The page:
Sunday evening, about dusk, Hubby and I journeyed home from our SC vs TN imposed payoff date at McDonald’s. (The sweet tea was…SWEET and so was our time together.)
The McDonald’s we chose is about 4 miles from our house – a quick drive there and back.
…until the car quit running.
Yep. We were half a mile from home when the car sputtered and flashed it’s warning lights at us as it died.
Of course, it didn’t quite make it to the top of the small rise as it coasted to a stop…or onto the side of the road, either.
I looked at Hubby with that “well…what now?” look.
I jumped out and ran around to the back of the car, yelled for him to take his foot off the brake and leaned hard against the car with the intent of pushing the old Geo Prizm forward.
The only direction it wanted to go was BACKWARDS.
“BRAKE! BRAKE!” I yelled, and Hubby did.
Weight loss is a good thing. And, a bad thing, as well. There was a time when I could move mountains (and cars) just by applying my weight and the force it generated to the problem at hand. I no longer have the mass I once had and even a gust of wind can knock me off balance now. There was no way I could push that car up the rise, especially not with Hubby in it. What was I thinking?!?
Apparently I wasn’t. (There…I said it…I knew you were thinking it.)
Hubby climbed out and instructed me to get into the driver’s seat and guide the car as he pushed.
I did, he did, and the car began a slow forward climb up the rise.
“Sit in the car?” I thought. “No way!”
So, out I climbed and threw my stubbornness against the door frame as I guided the steering wheel with my right hand.
It was decided that we would push the car the half mile home. After we topped the rise, it would be a level stretch the remainder of the way home, and we would just park it in front of the house…easier for the tow truck to collect that way, anyhow.
Topping the rise was the issue at the moment and we both leaned into the task at hand.
Just as we topped the rise a familiar car passed us and then pulled onto the shoulder of the road ahead of us. We stopped pushing.
A neighbor had stopped to see if she could help us or call someone to assist.
Ah…neighborly neighbors! Ya gotta love ’em! I know I do.
We assured her we were fine and thanked her for her offer. (There was no one we knew of to call and the best thing we knew to do was to just get ‘er home.)
Back to pushing we went and up the rise the car rolled until it reached the top.
“Get in and see if you can pop the clutch and make it start as I push it down hill,” Hubby called to me.
In I jumped as I felt the car pick up a little speed, it’s weight beginning to pull it downhill.
“Pop the clutch?” I thought. “Why not turn the key and see what happens?”
So, I did and the engine roared to life. Hubby called out, “Take it on home and I’ll be along as soon as I can get there.”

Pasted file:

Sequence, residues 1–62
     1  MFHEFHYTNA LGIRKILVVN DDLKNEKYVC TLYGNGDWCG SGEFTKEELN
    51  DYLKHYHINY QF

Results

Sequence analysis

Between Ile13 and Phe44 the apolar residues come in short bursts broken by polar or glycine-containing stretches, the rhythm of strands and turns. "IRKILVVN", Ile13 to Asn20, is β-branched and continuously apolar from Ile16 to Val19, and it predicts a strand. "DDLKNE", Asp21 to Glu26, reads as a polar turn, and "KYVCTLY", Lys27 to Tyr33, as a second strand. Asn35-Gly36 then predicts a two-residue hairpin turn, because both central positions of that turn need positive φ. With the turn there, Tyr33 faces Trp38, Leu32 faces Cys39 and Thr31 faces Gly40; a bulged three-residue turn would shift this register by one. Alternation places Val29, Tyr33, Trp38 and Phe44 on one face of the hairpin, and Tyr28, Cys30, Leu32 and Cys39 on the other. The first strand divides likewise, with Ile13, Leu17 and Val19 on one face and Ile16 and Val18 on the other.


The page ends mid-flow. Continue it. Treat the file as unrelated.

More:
I’ll admit – I did consider heading home as fast as I could but as I saw Hubby becoming smaller and smaller in my rear view mirror, and darkness engulfing him, I knew I would not leave him beside the road.
The car was running. If it stopped…it stopped. I would wait on Hubby.
With Hubby in the car, I drove like a crazed woman, up the street, down our road and into our driveway. As soon as I turned in, I felt the life go out of the car. It sputtered, choked and died halfway into the driveway. I turned the key and again it coughed to life and I was able to pull it in fully before it died again.
Home – we were home. At that moment, that was all that mattered. Sure, we had a lot to consider and most of it was unknown at the moment. But, we were home.
As we thought back over the path Hubby had chosen to take on our way home from McDonald’s (He chose the scenic route – a favorite of ours…the “back way” that’s off the beaten path…narrow and hilly and lonely.) we were struck by what could have happened and where.
And, we felt blessed that it broke down where it did. Had the car stopped anywhere else along our journey, we couldn’t have pushed it – probably not even out of the road. And, we certainly would not have been able to get it home. No way!
God blessed us – and kept us safe
God blessed us – and reminded us that we have neighbors who are concerned about us.
God blessed us – with strength.
God blessed us – with dry weather.
God blessed us – with each other
God blessed us – by letting it start several times even though the ignition coil was shot…and so was the distributor.
God blessed us – with the reminder that it’s not so much about what we can do. It’s more about offering what we have to give. (And, no – that’s not going to be enough for most people.)
God blessed me – with the reminder that my responsibility is to offer what I have…what I can do.
God also blessed me – with the understanding that I shouldn’t fret about what I can’t do, and that it’s okay to let go of the disappointment and misunderstanding that arises in others when their expectations don’t match my ability to help.
God blessed us – with the realization that we need others to see us – to stop, and inquire about us – to ask: “Is there anything I can do to help…you?”
And, God blessed me – with you, Dear Reader.
I wonder…. Is there anything I can do to help you?